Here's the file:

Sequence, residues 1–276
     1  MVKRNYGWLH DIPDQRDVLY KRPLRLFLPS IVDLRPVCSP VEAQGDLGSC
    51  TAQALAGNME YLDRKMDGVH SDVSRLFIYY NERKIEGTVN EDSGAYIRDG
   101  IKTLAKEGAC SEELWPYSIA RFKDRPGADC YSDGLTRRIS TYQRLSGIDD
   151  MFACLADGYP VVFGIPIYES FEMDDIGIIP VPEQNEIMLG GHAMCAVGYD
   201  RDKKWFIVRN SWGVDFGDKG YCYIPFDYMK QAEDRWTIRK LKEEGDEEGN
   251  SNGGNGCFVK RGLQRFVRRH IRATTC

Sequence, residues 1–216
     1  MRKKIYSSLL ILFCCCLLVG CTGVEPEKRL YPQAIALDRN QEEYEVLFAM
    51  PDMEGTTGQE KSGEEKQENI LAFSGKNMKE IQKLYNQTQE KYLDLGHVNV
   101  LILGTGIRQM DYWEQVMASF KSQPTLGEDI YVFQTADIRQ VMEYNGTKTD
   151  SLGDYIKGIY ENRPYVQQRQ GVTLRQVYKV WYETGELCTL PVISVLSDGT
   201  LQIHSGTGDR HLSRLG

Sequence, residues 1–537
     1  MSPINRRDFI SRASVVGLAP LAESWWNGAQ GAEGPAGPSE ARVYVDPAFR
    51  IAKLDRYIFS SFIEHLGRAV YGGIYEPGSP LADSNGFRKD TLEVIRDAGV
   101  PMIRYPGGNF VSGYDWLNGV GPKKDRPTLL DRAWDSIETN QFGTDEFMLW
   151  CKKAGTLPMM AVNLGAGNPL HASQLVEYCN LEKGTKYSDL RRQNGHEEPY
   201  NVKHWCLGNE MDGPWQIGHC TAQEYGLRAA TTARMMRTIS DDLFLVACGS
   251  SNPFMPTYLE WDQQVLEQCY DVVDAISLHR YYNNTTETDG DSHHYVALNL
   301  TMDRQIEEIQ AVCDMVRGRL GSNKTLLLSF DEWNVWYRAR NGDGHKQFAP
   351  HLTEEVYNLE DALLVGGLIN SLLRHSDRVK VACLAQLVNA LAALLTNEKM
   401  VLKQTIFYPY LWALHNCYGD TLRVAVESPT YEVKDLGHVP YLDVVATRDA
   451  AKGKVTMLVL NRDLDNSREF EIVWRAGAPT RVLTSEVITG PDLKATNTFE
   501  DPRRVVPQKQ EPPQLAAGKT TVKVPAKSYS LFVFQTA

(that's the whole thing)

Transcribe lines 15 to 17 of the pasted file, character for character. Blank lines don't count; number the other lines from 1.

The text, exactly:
     1  MSPINRRDFI SRASVVGLAP LAESWWNGAQ GAEGPAGPSE ARVYVDPAFR
    51  IAKLDRYIFS SFIEHLGRAV YGGIYEPGSP LADSNGFRKD TLEVIRDAGV
   101  PMIRYPGGNF VSGYDWLNGV GPKKDRPTLL DRAWDSIETN QFGTDEFMLW